array([[ 0,  5,  0, 10],
       [ 6,  7, 12, 14],
       [ 0, 15,  0, 20],
       [18, 21, 24, 28]])

To help you understand why a transposition is needed, let's analyse your incorrectly shaped output (obtained by a single reshape call) to understand why it is incorrect.

A simple 2D reshaped version of this result (without any transposition) looks like this -

x.reshape(4, 4)

array([[ 0,  0,  0,  0],
       [ 5, 10, 15, 20],
       [ 6, 12, 18, 24],
       [ 7, 14, 21, 28]])

Now consider this output with respect to your expected output -

array([[ 0,  5,  0, 10],
       [ 6,  7, 12, 14],
       [ 0, 15,  0, 20],
       [18, 21, 24, 28]])

You'll notice that your actual result is obtained by a Z-like traversal of your incorrectly shaped output -

start
    | /|     /| /|
    |/ |    / |/ |
      /    /    / 
     /    /    /
    | /| /    | /|
    |/ |/     |/ |
                 end

This implies that you must move over the array in varying strides to get your actual result. In conclusion, a simple reshape is not enough. You must transpose the original array, in such a manner that these Z-like elements are made to be contiguous to each other, such that a subsequent reshape call gives you the output you need.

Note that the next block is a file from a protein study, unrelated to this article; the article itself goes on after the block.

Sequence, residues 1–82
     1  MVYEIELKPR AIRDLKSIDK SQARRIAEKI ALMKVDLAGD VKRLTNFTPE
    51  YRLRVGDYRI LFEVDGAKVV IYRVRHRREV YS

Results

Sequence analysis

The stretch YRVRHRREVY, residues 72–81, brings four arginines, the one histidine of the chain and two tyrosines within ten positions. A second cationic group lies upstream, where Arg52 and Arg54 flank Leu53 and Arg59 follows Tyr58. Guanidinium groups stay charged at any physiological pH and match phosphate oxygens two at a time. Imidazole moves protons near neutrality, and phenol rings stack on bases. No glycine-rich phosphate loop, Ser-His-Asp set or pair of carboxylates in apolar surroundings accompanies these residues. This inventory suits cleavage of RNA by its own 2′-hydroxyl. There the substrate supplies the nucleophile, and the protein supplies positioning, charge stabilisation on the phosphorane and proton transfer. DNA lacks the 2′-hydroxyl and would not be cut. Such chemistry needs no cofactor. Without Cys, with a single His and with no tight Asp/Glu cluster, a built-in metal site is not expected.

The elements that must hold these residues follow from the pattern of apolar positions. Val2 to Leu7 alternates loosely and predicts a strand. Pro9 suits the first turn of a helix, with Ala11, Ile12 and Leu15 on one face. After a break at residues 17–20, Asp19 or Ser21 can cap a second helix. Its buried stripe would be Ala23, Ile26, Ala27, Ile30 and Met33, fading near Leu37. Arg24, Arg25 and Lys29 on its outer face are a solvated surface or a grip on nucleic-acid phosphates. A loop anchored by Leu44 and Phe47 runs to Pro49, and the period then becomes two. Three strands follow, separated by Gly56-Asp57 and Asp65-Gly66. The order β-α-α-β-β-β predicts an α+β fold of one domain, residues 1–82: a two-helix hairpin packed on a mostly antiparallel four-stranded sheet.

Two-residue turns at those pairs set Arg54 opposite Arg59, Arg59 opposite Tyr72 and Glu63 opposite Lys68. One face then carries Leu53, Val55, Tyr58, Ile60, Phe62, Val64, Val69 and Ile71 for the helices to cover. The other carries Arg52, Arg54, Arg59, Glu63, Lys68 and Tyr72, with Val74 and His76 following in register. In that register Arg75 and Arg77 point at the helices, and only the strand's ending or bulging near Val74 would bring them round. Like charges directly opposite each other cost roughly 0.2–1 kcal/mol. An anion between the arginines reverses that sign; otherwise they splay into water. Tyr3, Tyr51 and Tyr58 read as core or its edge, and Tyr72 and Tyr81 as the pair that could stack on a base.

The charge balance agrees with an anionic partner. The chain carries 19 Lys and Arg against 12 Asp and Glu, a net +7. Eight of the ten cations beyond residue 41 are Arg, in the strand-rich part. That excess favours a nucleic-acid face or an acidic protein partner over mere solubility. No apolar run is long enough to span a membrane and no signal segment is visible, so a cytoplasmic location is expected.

To understand how to transpose correctly, you should trace the elements along the input and figure out what axes you need to jump to get to each one in the output. The transposition follows accordingly. Divakar's answer does a sterling job of explaining this.


The Divarkar's answer is great, though sometimes it is easier for me just to check all possible cases which transpose and reshape cover.

For example, the following code

n, m = 4, 2
arr = np.arange(n*n*m*m).reshape(n,n,m,m)
for permut in itertools.permutations(range(4)):
    arr2 = (arr.transpose(permut)).reshape(n*m, n*m)
    print(permut, arr2[0])

gives me all what one can get from 4-dimensional array using transpose + reshape. Since, I know how the output should look like, I will just pick the permutation that showed me the correct answer. If I didn't get what I wanted, then transpose + reshape is not general enough to cover my case and I have to do something more complicated.